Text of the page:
If Indiana is a toss-up between the two contenders for the nomination to the Democratic Party, then Sen. Obama's appearance on Meet The Press on Sunday should give him the much needed boost he needs to narrow the gap in the primary. In a rather confident and forthright manner, Sen. Obama addressed the controversy surrounding his former pastor, then moved on to discuss more pressing issues at hand -- the gas tax, the economy, and relations with Iran.
About ten days ago, my undergrad alumni association hosted a reception and dinner at the National Press Club, which also happens to be celebrating its centennial this year. Given that it was my first visit to the National Press Club, I wandered the halls with a certain degree of awe and amazement. The journalist's creed greeted me as I got off the elevator; portraits of Nelson Mandela, Stokely Carmichael, Ayaan Hirsi Ali, among others, hung on the wall; and various plaques and awards graced the hallways.
A mere forty-eight hours later, an event of a different nature was taking place at the National Press Club. At 8:30 a.m. last Monday, the Rev. Jeremiah A. Wright held a press conference and delivered a speech about the history, traditions and theology of the African-American church in America. In the question-and-answer session that ensued, Rev. Wright said the controversy over him was an attack on the black church, then asserted that Louis Farrakhan, the head of the Nation of Islam, was "one of the most important voices in the 20th and 21st century."
On Meet The Press this past Sunday, Sen. Obama was correct when he declared the Wright debacle an unwelcome distraction which only served to divert attention away from issues voters deems important -- such as the economy and rising gas prices. (Having distanced himself from Rev. Wright's 'words" but not Rev. Wright 'the man' in his speech on race last month, Sen. Obama effectively denounced his former pastor last Tuesday following the press conference). According to Sen. Obama, at the press conference last Monday, Rev. Wright's tone and attitude "poured gasoline on the fire".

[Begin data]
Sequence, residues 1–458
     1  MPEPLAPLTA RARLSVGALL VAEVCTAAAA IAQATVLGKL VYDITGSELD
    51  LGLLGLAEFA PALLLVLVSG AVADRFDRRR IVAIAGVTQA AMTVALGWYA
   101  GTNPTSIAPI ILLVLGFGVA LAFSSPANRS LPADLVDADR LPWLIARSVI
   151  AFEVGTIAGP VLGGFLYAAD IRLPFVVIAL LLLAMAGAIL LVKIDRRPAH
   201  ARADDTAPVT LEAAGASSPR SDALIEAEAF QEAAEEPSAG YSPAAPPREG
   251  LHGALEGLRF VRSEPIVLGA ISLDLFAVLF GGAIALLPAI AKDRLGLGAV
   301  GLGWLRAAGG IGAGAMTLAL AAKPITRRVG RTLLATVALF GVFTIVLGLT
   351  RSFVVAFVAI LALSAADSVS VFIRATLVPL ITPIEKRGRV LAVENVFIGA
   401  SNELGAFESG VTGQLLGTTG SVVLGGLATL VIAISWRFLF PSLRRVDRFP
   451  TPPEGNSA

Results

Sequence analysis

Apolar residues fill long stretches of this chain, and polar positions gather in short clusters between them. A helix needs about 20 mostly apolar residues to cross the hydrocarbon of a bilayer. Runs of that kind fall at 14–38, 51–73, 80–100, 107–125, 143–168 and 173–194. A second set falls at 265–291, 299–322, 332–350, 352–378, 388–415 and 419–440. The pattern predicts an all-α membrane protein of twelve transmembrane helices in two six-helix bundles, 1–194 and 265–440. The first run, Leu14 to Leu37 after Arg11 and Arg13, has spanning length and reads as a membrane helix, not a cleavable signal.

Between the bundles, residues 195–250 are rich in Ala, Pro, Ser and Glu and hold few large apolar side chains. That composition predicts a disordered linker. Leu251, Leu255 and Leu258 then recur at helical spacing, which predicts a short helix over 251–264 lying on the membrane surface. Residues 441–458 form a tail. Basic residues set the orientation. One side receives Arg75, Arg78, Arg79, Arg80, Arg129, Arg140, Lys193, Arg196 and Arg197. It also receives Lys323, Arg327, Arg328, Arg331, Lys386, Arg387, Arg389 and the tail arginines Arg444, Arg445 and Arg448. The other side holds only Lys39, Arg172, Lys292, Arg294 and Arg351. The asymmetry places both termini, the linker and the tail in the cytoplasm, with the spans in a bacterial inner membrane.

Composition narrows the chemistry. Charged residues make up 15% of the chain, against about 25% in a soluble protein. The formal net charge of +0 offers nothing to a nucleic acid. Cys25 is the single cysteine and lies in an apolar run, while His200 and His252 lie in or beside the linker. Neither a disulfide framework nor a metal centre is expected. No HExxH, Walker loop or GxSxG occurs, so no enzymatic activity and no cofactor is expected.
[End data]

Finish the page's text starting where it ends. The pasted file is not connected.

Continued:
But it was Sen. Obama's tone, attitude and the substance of his responses to Tim Russert's questions which can serve to give voters the requisite reassurance that he possesses the wherewithal to surmount this challenge and bring his campaign back on track, at a time when some pundits have judged it derailed. Sen. Obama appeared not only poised but self-assured; constantly reminding the host that he is confident he will be the nominee.
Sen. Obama addressed challenges to his patriotism (he referred to the United States as a 'beacon of good'); strategy for connecting with white college voters without college degrees (it is important for American people to understand his story and how it relates to them); his position on the 'gas tax'; and his approach to relations with Iran (he proposes to engage in 'direct talks' with Iran and move away from the 'cowboy diplomacy' we saw under George Bush). Moreover, Sen. Obama maintains his delegate momentum. Just last week, former Democratic National Committee chairman Joe Andrew switched allegiance from Sen. Hillary Clinton and became an Obama backer.
As we tally the votes in Indiana, it is only a matter of time before we learn who wins the toss up.